The governor of Oklahoma, Kevin Stitt, is making headlines for taking a black bear during this year’s bowhunting season. Gov. Stitt took the bear in Oklahoma’s McCurtain County on the opening day of bear season.
Gov. Stitt posed with his guide Tom Cartwright and the bear he took this year, which was shared by J.D. Strong, the director of the Oklahoma Department of Wildlife Conservation (ODWC).
Bowhunting bear is popular since it takes place earlier in the season and the bears respond to bait better before oak trees drop their acorns, explains the Oklahoman.
Oklahoma has only allowed taking bear since 2009 in just four counties. The Oklahoma Department of Wildlife Conservation expanded the hunting area to include 12 counties in 2019 as the bear population continues to grow.
Hunters average about 50 bears a year in Oklahoma. The bear population is estimated at around 1,500 to 2,000 animals. They set a record in 2018 for taking 85 bears in one season. The largest bear on record weighed 638 pounds.
After bow season starts muzzle-loader season. Last year bowhunters took 57 bears during archery season while muzzle-loaders took just four, for a total of 61. Since 2009 hunters have taken a total of 528 bears.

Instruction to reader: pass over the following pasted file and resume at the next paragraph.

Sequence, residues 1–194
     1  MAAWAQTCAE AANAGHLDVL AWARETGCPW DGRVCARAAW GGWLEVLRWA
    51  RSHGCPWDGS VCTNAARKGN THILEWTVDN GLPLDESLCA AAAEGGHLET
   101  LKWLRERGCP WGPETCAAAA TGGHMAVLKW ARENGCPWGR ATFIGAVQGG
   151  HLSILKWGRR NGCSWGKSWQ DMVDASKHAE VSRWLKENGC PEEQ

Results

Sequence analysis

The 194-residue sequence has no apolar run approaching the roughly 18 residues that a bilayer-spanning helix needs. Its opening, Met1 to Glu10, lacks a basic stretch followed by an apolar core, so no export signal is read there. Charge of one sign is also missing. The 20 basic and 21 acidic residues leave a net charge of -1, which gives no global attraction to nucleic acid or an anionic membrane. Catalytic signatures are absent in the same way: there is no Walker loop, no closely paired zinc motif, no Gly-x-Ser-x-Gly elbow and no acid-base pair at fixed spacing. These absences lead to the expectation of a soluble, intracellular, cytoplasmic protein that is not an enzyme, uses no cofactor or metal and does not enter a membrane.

ODWC Director Strong is spearheading new ways to get people excited for wildlife conservation and the great outdoors. He recently started the “Fostering Outdoor Oklahoma Families” event where 30 foster families joined police, firefighters, and wildlife management officials for a day of fishing and camping.
“There’s nothing more rewarding in life than sharing the joys of fishing with those who need more joy in their lives,” said Strong. “This event was the launch of what we hope to spread statewide — teaching kids in foster care and their families how to reap the many rewards of getting outdoors to fish. We were truly blessed by the end of the evening.”
For more information about hunting, fishing, and wildlife conservation in Oklahoma visit the ODWC website.